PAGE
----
- 23 Oct 2022
- 3 Minutes to read
- Updated on 23 Oct 2022
- 3 Minutes to read
The manhole unit simulates discharge through a manhole from a surcharged culvert modelled as a conduit unit. The manhole outlet can be connected to a dummy boundary unit for linking to 2D, or to a reservoir to represent overland storage.
Field in Data Entry Form
Name in Datafile
upstream conduit label
downstream conduit label
Manhole outlet label
Manhole elevation (mAD)
Manhole diameter (m)
Lumped calibration coefficient (includes discharge coefficient, constants [2/3,g],etc)
> 0 or equal to 0
Theory and Guidance
With the increasing requirements for integrated modelling, particularly 1-d to 2-d linking for surface water flooding, a need has arisen to provide a unit to simulate discharge through a manhole from a surcharged culvert, modelled as a CONDUIT unit in Flood Modeller. The manhole outlet can be connected to a dummy boundary unit for linking to 2D, or to a reservoir to represent overland storage.
The manhole unit can also incorporate an energy loss term, governed by Bernoulli's equation.
Although it has previously been possible to model vertical discharge from a conduit within Flood Modeller by attaching a spill unit to a CONDUIT unit, the new manhole unit has a number of advantages, namely:
- The discharge from a manhole unit, is modelled as a point source, whereas a spill unit removes discharge laterally along the length of the conduit unit.
- The manhole unit enables the modeller to specify a loss coefficient to simulate energy losses.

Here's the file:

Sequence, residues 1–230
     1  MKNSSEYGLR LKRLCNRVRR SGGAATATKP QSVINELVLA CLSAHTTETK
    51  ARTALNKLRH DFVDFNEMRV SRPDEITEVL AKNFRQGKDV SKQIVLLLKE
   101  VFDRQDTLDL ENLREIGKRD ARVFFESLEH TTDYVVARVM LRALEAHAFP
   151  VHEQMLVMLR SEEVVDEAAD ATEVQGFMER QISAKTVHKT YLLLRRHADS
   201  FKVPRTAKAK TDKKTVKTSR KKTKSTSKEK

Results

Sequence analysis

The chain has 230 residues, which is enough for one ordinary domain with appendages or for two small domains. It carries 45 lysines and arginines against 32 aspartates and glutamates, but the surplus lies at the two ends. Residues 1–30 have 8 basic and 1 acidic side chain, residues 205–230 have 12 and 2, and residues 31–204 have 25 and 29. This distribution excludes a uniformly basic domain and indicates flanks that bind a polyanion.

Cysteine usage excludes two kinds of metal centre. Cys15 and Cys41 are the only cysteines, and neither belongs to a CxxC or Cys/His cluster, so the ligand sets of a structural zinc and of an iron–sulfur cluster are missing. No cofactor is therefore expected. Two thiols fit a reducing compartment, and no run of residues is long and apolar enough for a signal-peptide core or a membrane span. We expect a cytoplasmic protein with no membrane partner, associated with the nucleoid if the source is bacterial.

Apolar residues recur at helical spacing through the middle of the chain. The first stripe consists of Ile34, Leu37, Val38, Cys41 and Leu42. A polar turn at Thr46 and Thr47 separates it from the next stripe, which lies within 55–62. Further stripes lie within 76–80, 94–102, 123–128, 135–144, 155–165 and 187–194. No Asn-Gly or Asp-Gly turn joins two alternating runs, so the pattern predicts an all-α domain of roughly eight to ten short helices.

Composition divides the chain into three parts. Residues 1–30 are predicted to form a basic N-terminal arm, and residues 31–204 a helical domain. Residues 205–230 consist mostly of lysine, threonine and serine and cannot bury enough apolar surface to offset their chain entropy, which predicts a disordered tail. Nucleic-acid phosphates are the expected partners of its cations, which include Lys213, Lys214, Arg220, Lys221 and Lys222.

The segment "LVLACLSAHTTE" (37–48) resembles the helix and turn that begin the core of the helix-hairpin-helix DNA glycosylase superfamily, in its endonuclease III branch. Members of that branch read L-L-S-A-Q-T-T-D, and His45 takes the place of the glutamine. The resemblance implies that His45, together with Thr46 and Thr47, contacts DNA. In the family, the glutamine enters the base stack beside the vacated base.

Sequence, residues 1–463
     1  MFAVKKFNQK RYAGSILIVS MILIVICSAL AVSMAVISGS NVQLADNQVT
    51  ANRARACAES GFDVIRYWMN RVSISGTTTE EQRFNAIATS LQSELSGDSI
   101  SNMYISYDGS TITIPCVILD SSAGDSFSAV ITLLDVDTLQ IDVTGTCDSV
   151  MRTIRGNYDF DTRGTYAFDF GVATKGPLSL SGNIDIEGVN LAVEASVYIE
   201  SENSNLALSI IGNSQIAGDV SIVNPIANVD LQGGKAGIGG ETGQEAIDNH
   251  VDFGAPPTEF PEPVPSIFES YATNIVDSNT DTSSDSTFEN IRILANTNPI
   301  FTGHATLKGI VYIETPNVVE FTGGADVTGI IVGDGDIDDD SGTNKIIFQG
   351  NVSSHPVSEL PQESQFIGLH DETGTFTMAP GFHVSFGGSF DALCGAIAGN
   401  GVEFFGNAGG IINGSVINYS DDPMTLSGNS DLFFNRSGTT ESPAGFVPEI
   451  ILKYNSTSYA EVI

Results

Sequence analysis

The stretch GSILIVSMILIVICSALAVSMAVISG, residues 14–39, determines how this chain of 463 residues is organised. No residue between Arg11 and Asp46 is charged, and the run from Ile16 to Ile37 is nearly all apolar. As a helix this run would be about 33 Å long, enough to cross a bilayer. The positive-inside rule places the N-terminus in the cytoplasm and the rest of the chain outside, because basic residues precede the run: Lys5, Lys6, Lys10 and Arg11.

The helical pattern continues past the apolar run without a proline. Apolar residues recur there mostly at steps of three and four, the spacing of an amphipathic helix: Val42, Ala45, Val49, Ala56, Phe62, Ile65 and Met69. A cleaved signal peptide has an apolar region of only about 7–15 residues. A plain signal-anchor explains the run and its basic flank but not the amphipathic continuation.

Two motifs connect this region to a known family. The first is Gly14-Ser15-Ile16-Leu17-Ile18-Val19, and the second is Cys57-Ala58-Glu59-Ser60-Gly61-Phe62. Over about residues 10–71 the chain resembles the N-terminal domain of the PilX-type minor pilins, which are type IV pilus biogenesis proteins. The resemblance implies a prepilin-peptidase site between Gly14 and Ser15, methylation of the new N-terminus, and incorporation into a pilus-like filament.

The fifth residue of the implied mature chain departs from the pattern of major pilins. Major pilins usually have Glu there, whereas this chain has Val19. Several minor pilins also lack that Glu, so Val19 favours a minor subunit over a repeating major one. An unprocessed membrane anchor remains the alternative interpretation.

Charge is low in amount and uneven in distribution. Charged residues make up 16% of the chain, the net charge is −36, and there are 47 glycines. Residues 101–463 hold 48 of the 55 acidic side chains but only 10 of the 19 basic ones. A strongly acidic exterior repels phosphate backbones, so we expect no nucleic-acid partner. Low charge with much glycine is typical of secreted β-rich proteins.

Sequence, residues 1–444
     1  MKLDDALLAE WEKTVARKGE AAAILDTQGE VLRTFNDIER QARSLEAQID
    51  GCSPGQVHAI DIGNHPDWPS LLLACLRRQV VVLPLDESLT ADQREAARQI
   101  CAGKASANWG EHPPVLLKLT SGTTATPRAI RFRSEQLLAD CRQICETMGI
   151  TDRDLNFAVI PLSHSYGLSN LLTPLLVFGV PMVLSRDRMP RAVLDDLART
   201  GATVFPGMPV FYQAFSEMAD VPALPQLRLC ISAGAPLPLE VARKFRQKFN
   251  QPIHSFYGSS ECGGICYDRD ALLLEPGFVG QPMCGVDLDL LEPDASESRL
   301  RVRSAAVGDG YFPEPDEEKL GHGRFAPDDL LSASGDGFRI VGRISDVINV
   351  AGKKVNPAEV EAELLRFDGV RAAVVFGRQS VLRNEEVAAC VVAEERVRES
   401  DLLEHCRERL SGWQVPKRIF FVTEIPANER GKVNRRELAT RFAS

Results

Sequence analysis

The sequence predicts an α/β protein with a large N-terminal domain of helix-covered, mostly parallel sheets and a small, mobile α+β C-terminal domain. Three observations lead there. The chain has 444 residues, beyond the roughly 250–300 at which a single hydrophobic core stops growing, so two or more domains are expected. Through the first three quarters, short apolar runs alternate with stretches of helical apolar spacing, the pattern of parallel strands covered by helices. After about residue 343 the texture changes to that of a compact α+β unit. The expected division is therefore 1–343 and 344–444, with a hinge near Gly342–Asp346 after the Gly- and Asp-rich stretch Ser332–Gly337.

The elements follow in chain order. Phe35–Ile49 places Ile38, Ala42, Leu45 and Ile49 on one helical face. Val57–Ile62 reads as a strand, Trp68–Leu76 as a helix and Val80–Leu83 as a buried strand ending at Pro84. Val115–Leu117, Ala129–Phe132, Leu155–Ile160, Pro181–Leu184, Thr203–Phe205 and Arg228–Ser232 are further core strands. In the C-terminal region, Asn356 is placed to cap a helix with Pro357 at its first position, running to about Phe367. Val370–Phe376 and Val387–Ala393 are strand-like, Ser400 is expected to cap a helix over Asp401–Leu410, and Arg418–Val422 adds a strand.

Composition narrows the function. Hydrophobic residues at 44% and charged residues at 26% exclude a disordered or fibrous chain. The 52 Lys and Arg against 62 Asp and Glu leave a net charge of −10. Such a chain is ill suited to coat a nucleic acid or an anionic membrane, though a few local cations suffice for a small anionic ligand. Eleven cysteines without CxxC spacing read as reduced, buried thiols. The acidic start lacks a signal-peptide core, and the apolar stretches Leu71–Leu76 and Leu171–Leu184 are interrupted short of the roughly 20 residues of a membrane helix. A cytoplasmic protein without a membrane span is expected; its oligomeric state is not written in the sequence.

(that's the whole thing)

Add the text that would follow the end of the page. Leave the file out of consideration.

- The manhole unit is specifically designed for this purpose, whereas using a spill unit is somewhat unintuitive.
The manhole unit may be considered as a hybrid junction unit, consisting of exactly three nodes, the first two of which must be the upstream and downstream conduit nodes. The third node represents the manhole outlet and is typically connected to a downstream boundary, or reservoir, although any other Flood Modeller unit may be connected (NB restrictions apply to the Direct Method, see below).
The discharge through the manhole is determined by applying a standard weir equation to the pressurised head in a conduit over the circumference of the outlet. The weir flow may also be influenced by the water level of the outlet node, although the user may ensure that any discharge out of the outlet will be modular by applying an HT boundary unit with a level below that of the manhole invert.
The outlet is assumed to be circular in shape, therefore the modeller needs to specify its diameter, as well as the invert level (typically ground level).
Qm = discharge through manhole
Q1 = discharge through u/s conduit node
Q2 = discharge through d/s conduit node
cd = lumped discharge coefficient. For example, for a round-nosed weir equation, this value would be approximately 1.7.
b= manhole circumference
h1= u/s stage above manhole invert level
hm= manhole label stage above manhole invert level
fd= drowned flow reduction factor (=1 if modular;
H1 = total head at u/s conduit node
H2 = total head at d/s conduit node
k= loss coefficient
v2= velocity in d/s conduit
- Although normal junctions are not permitted to be connected to reservoirs in Flood Modeller, this does not apply to the manhole unit since the natural flow direction of the manhole unit is well-defined (positive flow through the manhole node is defined as flow out of the conduit system).
- Reverse flow is permitted through the culvert - both the energy loss equation and the continuity equation will take account of this, with the nodes reversed as appropriate. However, as with all units, the Direct (steady) Method will fail if backflow is encountered.
- When using the Direct Method, the manhole outlet must be connected to an HTBDY-type unit.
- The manhole is assumed to be open - no account is taken of any lid or its weight; also, no account is taken of any water volume in the manhole shaft.
Line 1 - keyword 'MANHOLE #REVISION#1'
Line 2 - label1, label2, label3
Line 3 - z, dia, cd, r, k
Data file example